The Occupational Health and Safety Amendment (Psychological Health) Regulations (Vic) (proposed Regulations) are expected to commence in mid-2022, subject to approval by the Minister, which is anticipated to occur shortly.

Under Victorian OHS laws, an employer must, so far as is reasonably practicable, provide and maintain a working environment that is safe and without risks to employees’ health.

The definition of employees’ health has always included psychological health. Despite this, the recent Royal Commission into Victoria’s Mental Health System, Review of Model Work Health and Safety Laws, [email protected]: Sexual Harassment National Inquiry Report and the Productivity Commission’s Inquiry into Mental Health all indicate the need for improvement in how workplaces understand and address psychological health.

The proposed Regulations seek to address this by:

  1. providing clearer guidance to employers on their obligations to protect workers from mental injury; and
  2. recognising that psychosocial hazards are just as harmful to employee safety as physical hazards.

What are the new changes?

1. Requirement to identify psychological hazards

The proposed Regulations require employers, so far as is reasonably practicable, to identify psychosocial hazards.

Psychosocial hazards has been defined in the proposed Regulations to mean:

‘any factor or factors in the work design, systems of work, management of work, carrying out of work or personal or work-related interactions that may arise in the working environment and may cause an employee to experience one or more negative psychological responses that create a risk to their health and safety.’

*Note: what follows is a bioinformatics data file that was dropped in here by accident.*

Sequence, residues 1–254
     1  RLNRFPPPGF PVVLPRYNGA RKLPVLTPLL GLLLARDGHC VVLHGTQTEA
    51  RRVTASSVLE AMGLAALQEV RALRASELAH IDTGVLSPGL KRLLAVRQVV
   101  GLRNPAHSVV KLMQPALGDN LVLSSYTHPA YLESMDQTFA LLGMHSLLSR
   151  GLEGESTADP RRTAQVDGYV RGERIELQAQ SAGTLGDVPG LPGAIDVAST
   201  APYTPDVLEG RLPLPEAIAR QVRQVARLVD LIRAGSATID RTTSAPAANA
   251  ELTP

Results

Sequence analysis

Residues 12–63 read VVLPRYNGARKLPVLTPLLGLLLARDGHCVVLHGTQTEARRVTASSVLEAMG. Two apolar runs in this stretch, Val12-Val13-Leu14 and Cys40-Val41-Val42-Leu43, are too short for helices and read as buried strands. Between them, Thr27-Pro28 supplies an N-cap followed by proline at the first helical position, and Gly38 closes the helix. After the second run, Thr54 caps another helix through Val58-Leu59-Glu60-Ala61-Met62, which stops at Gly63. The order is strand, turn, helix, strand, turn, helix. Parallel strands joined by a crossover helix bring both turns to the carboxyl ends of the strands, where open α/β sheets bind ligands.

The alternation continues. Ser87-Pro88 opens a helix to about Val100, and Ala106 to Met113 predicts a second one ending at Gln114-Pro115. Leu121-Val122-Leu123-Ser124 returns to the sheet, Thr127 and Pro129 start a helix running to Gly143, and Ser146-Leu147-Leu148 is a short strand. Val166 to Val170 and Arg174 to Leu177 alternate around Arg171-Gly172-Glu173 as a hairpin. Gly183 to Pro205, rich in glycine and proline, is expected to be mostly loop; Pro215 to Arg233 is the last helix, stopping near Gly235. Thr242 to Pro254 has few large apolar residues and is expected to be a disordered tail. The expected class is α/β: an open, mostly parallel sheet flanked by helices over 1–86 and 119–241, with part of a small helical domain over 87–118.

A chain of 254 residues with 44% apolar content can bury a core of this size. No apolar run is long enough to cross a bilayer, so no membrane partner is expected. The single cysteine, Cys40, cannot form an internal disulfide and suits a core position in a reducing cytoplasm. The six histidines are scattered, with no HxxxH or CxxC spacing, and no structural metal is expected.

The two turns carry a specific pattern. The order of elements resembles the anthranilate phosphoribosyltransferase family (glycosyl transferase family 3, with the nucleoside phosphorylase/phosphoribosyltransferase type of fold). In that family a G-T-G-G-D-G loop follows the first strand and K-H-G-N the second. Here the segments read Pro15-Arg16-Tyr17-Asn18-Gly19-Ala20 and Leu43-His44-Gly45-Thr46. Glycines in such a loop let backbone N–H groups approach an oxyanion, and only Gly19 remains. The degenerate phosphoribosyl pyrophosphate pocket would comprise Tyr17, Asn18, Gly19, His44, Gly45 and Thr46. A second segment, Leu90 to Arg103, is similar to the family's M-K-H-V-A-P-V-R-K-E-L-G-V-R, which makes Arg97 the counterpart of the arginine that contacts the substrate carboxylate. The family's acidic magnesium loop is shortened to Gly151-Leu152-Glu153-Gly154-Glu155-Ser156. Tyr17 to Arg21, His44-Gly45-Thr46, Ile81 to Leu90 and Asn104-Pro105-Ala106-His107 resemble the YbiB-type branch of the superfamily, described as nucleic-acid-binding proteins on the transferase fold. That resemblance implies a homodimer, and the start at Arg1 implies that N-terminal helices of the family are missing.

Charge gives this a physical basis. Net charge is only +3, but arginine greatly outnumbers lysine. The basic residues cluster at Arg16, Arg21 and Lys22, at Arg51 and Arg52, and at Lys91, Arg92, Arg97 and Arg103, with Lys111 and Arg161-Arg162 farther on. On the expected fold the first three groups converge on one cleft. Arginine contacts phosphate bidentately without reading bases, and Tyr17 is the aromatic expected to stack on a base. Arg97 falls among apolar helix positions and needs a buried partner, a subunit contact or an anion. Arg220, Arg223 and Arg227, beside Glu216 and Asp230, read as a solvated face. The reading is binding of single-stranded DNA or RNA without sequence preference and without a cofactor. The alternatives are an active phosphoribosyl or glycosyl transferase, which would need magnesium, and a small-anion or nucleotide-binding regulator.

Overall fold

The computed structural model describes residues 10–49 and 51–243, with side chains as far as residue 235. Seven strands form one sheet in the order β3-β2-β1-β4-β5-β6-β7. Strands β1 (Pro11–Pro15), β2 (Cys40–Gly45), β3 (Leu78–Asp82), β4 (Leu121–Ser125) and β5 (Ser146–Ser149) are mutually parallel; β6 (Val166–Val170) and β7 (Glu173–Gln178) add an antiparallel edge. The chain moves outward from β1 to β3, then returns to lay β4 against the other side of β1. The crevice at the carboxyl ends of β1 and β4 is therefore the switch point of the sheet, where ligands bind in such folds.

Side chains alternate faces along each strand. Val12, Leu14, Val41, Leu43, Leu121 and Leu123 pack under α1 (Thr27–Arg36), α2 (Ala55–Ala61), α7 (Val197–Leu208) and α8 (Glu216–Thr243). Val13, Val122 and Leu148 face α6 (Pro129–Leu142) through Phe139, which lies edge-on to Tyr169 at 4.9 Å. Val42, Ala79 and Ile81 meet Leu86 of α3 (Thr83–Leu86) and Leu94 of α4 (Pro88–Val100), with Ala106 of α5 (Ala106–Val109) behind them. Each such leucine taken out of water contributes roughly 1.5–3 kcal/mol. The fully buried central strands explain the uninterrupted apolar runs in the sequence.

Examples include: bullying, sexual harassment, aggression or violence, exposure to traumatic events or content, high job demands, low job demands, low job control, poor support, poor organisational justice, low role clarity, poor environmental conditions, remote or isolated work, poor organisational change management, low recognition and reward, poor workplace relationships.

2. Control risks to health and safety associated with psychological hazards

The proposed Regulations also require employers, so far as is reasonably practicable, to eliminate any risk associated with a psychosocial hazard.

Where it is not reasonably practicable to eliminate such a risk, the employer must reduce the risk by:

  1. altering the management of work, the plant, the systems of work, the work design or the workplace environment; or
  2. using information, instruction or training; or
  3. a combination of a and b.

Importantly, the proposed Regulations go further to provide that an employer can only exclusively use the control measures in b) if none of the measures in a) are reasonably practicable. Further, if a combination of measures are used, the measures in b) must not be the predominant measure.

This goes to show that the proposed Regulations place a higher burden on employers to make systemic workplace changes to support psychological wellbeing.